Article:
Once on a time there was a King who had a daughter, and she was so lovely that her good looks were well known far and near. But she was so sad and serious she could never be got to laugh, and besides, she was so high and mighty that she said “No” to all who came to woo her. She would have none of them, were they ever so grand—lords or princes,—it was all the same.
The King had long ago become tired of this, for he thought she might just as well marry; she, too, like all other people. There was no use in waiting; she was quite old enough, nor would she be any richer, for she was to have half the kingdom,—that came to her as her mother’s heir.
So he had word sent throughout the kingdom, that anyone who could get his daughter to laugh should have her for his wife and half the kingdom besides. But, if there was anyone who tried and could not, he was to have a sound thrashing. And sure it was that there were many sore backs in that kingdom, for lovers and wooers came from north and south, and east and west, thinking it nothing at all to make a King’s daughter laugh. And gay fellows they were, some of them too, but for all their tricks and capers there sat the Princess, just as sad and serious as she had been before.
Now, not far from the palace lived a man who had three sons, and they, too, had heard how the King had given it out that the man who could make the Princess laugh was to have her to wife and half the kingdom.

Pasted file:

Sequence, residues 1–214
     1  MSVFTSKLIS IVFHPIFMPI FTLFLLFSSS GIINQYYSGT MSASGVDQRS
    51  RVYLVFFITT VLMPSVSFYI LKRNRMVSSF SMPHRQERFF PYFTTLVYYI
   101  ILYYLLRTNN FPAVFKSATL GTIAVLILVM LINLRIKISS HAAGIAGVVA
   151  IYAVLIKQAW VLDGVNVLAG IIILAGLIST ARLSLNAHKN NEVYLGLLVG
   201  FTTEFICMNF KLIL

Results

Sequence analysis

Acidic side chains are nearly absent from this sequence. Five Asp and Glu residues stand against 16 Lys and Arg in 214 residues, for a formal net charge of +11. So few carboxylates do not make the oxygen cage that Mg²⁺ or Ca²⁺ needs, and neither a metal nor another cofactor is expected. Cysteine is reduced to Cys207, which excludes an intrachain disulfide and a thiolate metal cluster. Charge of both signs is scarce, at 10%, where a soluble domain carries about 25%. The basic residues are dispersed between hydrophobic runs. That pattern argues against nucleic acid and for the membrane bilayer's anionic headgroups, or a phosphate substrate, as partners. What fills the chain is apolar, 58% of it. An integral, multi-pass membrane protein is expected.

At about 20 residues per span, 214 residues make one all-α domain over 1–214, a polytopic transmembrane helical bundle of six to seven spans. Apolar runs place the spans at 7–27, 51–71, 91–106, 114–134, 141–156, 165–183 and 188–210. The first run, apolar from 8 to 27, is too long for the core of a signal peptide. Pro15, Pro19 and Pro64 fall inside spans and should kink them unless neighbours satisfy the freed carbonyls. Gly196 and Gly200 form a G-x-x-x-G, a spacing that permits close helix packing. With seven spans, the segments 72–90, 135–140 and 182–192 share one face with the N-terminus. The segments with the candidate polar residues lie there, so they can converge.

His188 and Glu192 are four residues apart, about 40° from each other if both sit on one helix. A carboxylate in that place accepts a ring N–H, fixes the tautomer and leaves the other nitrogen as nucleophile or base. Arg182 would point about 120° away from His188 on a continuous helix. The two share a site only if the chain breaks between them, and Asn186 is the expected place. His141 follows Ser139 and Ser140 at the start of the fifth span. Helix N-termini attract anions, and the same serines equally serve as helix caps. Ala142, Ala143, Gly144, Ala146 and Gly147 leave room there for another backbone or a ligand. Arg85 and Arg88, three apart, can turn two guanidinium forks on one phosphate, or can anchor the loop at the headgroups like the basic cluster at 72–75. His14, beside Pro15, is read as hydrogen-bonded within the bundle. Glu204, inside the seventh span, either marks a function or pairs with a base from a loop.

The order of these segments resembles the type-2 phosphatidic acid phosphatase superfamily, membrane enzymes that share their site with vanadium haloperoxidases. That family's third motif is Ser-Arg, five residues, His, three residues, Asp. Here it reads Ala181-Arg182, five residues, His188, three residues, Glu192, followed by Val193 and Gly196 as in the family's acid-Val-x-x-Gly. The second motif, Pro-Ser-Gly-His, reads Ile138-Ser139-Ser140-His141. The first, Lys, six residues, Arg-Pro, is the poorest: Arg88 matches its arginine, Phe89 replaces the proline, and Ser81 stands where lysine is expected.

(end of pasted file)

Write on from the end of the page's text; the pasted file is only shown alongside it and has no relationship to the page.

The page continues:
The eldest was for setting off first. So he strode off, and when he came to the King’s grange, he told the King he would be glad to try to make the Princess laugh.
“All very well, my man,” said the King, “but it’s sure to be of no use, for so many have been here and tried. My daughter is so sorrowful it’s no use trying, and it’s not my wish that anyone should come to grief.”
But the lad thought he would like to try. It couldn’t be such a very hard thing for him to get the Princess to laugh, for so many had laughed at him, both gentle and simple, when he enlisted for a soldier and was drilled by Corporal Jack.
So he went off to the courtyard, under the Princess’s window, and began to go through his drill as Corporal Jack had taught him. But it was no good, the Princess was just as sad and serious and did not so much as smile at him once. So they took him and thrashed him well, and sent him home again.
Well, he had hardly got home before his second brother wanted to set off. He was a schoolmaster, and the funniest figure one ever laid eyes upon; he was lopsided, for he had one leg shorter than the other, and one moment he was as little as a boy, and in another, when he stood on his long leg, he was as tall and long as a giant. Besides this he was a powerful preacher.
So when he came to the king’s palace, and said he wished to make the Princess laugh, the King thought it might not be so unlikely after all. “But mercy on you,” he said, “if you don’t make her laugh. We are for laying it on harder and harder for every one that fails.”
Then the schoolmaster strode off to the courtyard, and put himself before the Princess’s window, and read and preached like seven parsons, and sang and chanted like seven clerks, as loud as all the parsons and clerks in the country round.